Pal Cabron to Open in Former Guelaguetza at Normandie & 8th

If you've read Jonathan Gold's rave about the "dangerous cemita" at Pal Cabron but didn't feel like heading to Huntington Park only for a sandwich, things are looking up. Late next week, Pal Cabron will open its second location, this one in the original Guelaguetza space at 8th and Normandie in the heart of Koreatown. (Don't worry, Pal Cabron #1 one will remain open.)

The menu will retain all the classic cemitas and clayudas that made the first shop so great while adding four tacos to the roster: al pastor topped with grilled pineapple as well as cecina, tasajo and chorizo topped with Oaxacan string cheese ($2 each).

If that sounds like the perfect snack after stumbling out of a bar, you're in luck. Pal Cabron dos will stay open until 3 a.m. on Friday and Saturday nights. (10 p.m. the rest of the week). Fans of the original should feel at home in the new space, which will be covered in murals by Hector El Pintor, whose caricatures of busty ladies and local food writers adorn the original location. He's already working on a mural that pays tribute to the mix of Korean and Oaxacan cultures.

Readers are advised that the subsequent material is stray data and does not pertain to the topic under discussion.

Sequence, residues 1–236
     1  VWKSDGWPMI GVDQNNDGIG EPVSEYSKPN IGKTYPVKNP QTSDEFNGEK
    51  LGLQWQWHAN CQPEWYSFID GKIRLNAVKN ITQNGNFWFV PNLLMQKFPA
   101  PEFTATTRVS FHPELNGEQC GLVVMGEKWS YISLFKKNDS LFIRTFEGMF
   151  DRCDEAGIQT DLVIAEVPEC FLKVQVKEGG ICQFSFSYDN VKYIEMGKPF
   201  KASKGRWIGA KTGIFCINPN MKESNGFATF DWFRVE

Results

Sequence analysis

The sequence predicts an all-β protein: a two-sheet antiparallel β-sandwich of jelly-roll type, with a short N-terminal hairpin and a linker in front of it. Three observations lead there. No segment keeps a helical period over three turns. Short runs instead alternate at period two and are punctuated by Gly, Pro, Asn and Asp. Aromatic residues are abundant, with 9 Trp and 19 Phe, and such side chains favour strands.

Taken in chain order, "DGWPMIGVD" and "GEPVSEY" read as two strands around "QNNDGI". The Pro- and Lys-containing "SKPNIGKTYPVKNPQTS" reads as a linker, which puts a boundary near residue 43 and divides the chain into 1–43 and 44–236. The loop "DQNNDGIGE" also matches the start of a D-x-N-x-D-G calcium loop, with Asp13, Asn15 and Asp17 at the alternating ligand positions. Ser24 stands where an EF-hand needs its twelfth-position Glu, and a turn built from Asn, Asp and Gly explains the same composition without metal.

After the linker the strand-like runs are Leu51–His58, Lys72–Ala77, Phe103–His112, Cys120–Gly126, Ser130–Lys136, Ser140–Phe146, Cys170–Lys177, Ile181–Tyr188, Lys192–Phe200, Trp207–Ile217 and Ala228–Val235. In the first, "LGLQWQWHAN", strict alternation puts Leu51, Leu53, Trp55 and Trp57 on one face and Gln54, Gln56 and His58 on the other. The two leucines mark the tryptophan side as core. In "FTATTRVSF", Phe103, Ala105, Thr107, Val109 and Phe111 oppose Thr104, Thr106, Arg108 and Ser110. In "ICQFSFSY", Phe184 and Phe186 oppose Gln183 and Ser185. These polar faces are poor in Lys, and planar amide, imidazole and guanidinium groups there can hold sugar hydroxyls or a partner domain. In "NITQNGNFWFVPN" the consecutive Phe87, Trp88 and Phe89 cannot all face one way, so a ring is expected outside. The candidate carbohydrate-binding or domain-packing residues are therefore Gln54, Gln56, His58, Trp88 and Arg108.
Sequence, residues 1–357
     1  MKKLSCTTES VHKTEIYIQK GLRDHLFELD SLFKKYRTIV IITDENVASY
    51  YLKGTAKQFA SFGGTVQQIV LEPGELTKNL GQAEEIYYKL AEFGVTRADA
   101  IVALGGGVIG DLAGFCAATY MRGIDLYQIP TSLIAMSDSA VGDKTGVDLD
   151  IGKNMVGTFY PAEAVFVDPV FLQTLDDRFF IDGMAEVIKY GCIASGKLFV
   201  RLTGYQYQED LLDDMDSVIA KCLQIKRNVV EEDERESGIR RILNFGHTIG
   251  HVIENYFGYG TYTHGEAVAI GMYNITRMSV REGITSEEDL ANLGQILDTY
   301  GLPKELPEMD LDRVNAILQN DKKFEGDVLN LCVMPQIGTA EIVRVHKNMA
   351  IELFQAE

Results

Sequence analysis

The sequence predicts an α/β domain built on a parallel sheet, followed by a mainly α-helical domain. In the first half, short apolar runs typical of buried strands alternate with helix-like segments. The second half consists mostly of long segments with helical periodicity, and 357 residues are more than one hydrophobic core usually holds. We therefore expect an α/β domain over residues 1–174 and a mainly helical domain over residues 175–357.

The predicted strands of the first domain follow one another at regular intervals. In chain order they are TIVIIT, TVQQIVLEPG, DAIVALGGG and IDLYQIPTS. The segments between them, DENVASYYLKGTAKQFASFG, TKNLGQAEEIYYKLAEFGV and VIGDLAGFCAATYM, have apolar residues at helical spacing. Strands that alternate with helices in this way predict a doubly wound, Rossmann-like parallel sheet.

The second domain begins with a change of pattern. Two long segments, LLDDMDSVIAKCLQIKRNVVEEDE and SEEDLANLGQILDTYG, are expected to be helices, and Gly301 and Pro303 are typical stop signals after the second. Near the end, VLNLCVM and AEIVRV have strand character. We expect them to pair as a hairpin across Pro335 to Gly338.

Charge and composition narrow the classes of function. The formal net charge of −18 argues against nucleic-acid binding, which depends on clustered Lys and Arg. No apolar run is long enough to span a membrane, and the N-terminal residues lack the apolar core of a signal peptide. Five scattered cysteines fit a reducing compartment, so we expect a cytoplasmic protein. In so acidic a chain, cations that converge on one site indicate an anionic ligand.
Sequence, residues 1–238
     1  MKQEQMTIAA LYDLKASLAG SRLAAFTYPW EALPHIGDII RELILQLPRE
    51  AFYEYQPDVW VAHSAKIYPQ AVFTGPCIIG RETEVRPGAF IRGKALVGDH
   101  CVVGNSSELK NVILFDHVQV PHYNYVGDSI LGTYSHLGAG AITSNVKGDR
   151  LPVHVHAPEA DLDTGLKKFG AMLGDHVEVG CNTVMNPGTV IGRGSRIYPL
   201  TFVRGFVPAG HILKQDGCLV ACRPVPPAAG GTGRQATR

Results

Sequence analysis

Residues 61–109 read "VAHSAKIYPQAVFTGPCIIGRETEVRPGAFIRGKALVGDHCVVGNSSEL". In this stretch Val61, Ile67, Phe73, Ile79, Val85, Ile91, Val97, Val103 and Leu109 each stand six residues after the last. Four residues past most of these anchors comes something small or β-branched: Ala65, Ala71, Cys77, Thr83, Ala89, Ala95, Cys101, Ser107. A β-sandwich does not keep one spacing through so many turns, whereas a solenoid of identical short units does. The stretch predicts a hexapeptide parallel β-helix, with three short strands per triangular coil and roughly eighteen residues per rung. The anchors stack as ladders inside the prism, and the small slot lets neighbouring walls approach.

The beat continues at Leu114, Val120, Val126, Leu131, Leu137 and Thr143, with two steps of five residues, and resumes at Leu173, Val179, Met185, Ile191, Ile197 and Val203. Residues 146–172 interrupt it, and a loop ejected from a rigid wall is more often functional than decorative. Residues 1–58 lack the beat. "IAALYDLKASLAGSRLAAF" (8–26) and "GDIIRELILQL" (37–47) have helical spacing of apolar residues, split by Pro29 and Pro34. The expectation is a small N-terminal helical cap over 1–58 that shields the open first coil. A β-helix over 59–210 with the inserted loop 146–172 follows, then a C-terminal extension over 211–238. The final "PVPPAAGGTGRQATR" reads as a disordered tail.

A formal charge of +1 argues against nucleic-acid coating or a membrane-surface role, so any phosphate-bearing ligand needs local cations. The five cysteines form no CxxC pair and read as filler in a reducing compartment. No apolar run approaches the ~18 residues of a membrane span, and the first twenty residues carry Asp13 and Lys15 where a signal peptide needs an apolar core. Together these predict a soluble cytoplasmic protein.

The sad part of the equation is that the original Guelaguetza, which Fernando Lopez Sr. opened in 1994, has closed. From a hole-in-the-wall with only three tables, it expanded into a mini-chain with three locations, all owned by members of the extended Lopez clan. Next door, Natura Oaxacan Juice Bar (also owned and run by the Lopezes) will remain open, serving house-made Oaxacan ice cream, fresh squeezed juices and frozen treats.

"It just didn't make sense to have two [Guelaguetzas] so close to each other," says daughter Bricia Lopez, referring to the nearby Guelaguetza at Olympic and Normandie. Larger, with alcohol and a parking lot, it bled customers away from the first location.

The Lopezes had already decided to close the original Guelaguetza, when Bricia and her siblings, brother Fernando Jr. and sister Paulina, decided to surprise their dad with the new venture. It also made business sense to Bricia, who looked around and didn't see much in the way of Oaxacan cemitas in Koreatown.

"Basically, everything we didn't do with [the first Pal Cabron]," Bricia says, "we're going to do right with this one."

Pal Cabron dos: 3337 1/2 W. 8th St., Los Angeles.


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